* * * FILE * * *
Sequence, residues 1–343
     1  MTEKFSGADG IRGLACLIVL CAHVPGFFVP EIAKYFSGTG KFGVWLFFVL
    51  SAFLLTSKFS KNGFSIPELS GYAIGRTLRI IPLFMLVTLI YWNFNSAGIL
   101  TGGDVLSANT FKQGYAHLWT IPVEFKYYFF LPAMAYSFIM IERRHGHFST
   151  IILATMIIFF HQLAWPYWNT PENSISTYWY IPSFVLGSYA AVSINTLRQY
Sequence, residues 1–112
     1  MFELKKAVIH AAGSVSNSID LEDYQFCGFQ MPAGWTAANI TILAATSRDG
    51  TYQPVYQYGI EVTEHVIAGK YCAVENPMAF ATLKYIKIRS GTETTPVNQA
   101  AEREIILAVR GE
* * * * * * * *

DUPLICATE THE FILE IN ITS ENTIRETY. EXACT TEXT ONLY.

Sequence, residues 1–343
     1  MTEKFSGADG IRGLACLIVL CAHVPGFFVP EIAKYFSGTG KFGVWLFFVL
    51  SAFLLTSKFS KNGFSIPELS GYAIGRTLRI IPLFMLVTLI YWNFNSAGIL
   101  TGGDVLSANT FKQGYAHLWT IPVEFKYYFF LPAMAYSFIM IERRHGHFST
   151  IILATMIIFF HQLAWPYWNT PENSISTYWY IPSFVLGSYA AVSINTLRQY
Sequence, residues 1–112
     1  MFELKKAVIH AAGSVSNSID LEDYQFCGFQ MPAGWTAANI TILAATSRDG
    51  TYQPVYQYGI EVTEHVIAGK YCAVENPMAF ATLKYIKIRS GTETTPVNQA
   101  AEREIILAVR GE